Farther north in Mendocino County, Sheriff Tom Allman confirmed a ninth fatality, an 86-year-old widow named Margaret Stephenson who was found in the ashes of her Redwood Valley home on Tomki Road.
“This is hell on earth,” Allman said as he drove through the bed of ashes, gnarled cars and chimneys that was Tomki Drive. “This is such an all encompassing tragedy – you lose a 14-year-old boy whose grandfather was a friend of mine, an elderly woman and her caretaker, a grandma and grandpa who died together.
“My crew of eight deputies and detectives found Margaret in the ashes of her home,” he said, wincing back tears. “She’d sent me a pre-Halloween card 10 days ago.”
He had kept the card with Stephenson dressed as member of the royal family in his wallet.
“She was a wonderful, delightful person,” Allman said.
Stephenson died in the same area as Kai Shepherd, a 14-year-old who was found dead in his family’s driveway after his parents and 17-year-old sister tried to flee the flames early Monday. They were badly burned and remain hospitalized, with Kressa, the sister, undergoing surgery earlier this week to amputate both her legs.
Kai Shepherd was an eighth-grader at Eagle Peak Middle School, which plans to reopen Monday and have counselors available for students.
By Saturday afternoon, 16 large fires were still burning, and Cal Fire has declined to address what caused any of them, saying the investigations are continuing.
But Allman said witnesses in his county saw the start of the Redwood Fire early Monday that has since burned more than 34,000 acres.
“In 65 mph winds, a tree fell in Potter Valley, knocking over a power line, and it sparked a fire that went up the mountainside and went down into Redwood Valley around 1:30 a.m. Monday morning,” Allman said. “Cal Fire said we had gone 16 days in a row with low humidity … Here, the swath of fire was 10 miles wide.”
Allman said the fire struck an area that had never before burned, and said the region caught a break Friday night when strong winds that were predicted to sweep through did not materialize.
“We were expecting 30 mph winds and we didn’t get them,” Allman said.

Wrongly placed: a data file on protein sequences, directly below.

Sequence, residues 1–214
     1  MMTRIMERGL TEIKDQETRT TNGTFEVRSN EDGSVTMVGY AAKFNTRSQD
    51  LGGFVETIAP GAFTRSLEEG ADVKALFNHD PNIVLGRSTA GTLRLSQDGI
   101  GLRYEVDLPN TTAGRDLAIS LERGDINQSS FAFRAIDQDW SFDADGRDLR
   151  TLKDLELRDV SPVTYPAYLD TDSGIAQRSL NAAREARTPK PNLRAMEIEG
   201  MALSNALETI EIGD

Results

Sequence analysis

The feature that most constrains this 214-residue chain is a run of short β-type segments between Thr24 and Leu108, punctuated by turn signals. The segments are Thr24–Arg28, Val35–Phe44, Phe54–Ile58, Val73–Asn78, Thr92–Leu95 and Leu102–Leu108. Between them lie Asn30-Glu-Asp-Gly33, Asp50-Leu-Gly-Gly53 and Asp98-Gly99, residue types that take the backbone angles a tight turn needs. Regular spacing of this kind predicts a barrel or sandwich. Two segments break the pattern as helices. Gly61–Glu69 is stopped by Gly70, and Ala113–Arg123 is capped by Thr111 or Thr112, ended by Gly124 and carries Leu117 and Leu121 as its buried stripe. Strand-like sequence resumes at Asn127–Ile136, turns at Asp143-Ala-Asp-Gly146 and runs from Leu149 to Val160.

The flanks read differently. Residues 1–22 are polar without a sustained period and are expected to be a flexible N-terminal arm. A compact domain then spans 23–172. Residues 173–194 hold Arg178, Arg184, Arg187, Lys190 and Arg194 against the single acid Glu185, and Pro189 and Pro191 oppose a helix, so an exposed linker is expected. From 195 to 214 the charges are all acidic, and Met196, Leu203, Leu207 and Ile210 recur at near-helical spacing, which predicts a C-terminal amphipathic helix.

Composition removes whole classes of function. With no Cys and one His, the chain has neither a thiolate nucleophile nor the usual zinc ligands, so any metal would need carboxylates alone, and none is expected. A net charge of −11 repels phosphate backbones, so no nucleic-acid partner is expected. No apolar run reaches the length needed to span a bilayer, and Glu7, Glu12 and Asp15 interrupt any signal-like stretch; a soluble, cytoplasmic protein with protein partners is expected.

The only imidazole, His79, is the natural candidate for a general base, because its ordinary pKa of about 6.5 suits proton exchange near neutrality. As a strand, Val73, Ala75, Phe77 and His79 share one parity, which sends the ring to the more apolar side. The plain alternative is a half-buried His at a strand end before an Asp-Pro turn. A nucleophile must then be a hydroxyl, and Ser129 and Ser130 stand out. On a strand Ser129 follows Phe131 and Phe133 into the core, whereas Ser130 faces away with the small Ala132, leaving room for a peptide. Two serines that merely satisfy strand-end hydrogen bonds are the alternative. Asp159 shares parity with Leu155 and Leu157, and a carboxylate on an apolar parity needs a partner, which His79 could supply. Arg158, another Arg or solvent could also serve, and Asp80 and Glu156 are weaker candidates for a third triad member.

Authorities in Mendocino County believe much of the danger has passed, and were allowing many of the 8,000 residents evacuated back into some affected neighborhoods. Authorities believe they have located all missing residents and do not expect additional deaths to be reported.
But the death toll easily could have gone higher, given the intense speed with which the fire roared through the valley.
“By the time we knew where the fire was, it had moved to a different place,” Allman said. “I had a deputy sheriff on Tomki Road who lost everything, he left literally with the shirt on his back. Neighbors knocked on his door and saved him and his wife’s life – Deputy Art Barclay and his wife, Denise. He woke up and was gone in three minutes, and his house was gone in 10.”
Bob Perkowski, 65, was another who fled Tomki Road steps ahead of the wall of fire, “which was 100 feet high,” he said.
“My wife woke me up and looked I out the window and everything was hot orange,” said Perkowski, who is sleeping on a friend’s couch in Hopland. “The fire was 100 feet away coming down a steep hill and my wife had to get our two kittens.”
Retired Sheriff Jim Tuso, a board member for the Redwood Valley-Calpella Fire District, said half the fire district “is gone.”
“All of us know people who lost homes and loved ones,” Tuso said. “It was the perfect storm of wind and dry conditions. All we could do was get out of the way.”
At Frey Vineyards in Redwood Valley, which touts its organic, vegan wines, some vines were burned and the offices and bottling facilities were damaged. But much of the vineyard remained intact, and co-owner Matt Frey said he already had arranged with three other wineries to help crush their grapes and bottle wine.
Frey said he and his wife and two small children fled the fire in a vehicle, but turned back because of the flames and headed for a steel warehouse at the winery.
Frey deposited his wife and children inside, where they were protected by a pond on one side and gravel from a roadway, while he jumped on a backhoe and began scraping the ground with its bucket to put out spot fires.
“Everything had already burned around us,” Frey said. “I was just putting out spot fires, I had eight to 10 like that. And my wife and kids were keeping an eye on the other buildings.”
Frey, 60, said he was already back in business, and that he was more concerned with his neighbors in his tight-knit, rural community.
“I’m more concerned with the families that lost their lives and homes down the road,” he said. “We’re lucky.”